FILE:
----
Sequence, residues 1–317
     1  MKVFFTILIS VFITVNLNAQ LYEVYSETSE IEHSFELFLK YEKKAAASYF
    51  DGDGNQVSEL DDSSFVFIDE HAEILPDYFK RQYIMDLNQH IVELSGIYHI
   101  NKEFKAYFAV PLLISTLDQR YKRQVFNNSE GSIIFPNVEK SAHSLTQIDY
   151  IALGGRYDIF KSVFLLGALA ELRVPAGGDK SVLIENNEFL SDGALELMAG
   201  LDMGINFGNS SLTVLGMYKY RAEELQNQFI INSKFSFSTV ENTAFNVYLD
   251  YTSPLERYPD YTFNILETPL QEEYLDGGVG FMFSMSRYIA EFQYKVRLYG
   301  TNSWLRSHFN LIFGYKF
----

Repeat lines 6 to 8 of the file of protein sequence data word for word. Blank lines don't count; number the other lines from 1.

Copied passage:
   201  LDMGINFGNS SLTVLGMYKY RAEELQNQFI INSKFSFSTV ENTAFNVYLD
   251  YTSPLERYPD YTFNILETPL QEEYLDGGVG FMFSMSRYIA EFQYKVRLYG
   301  TNSWLRSHFN LIFGYKF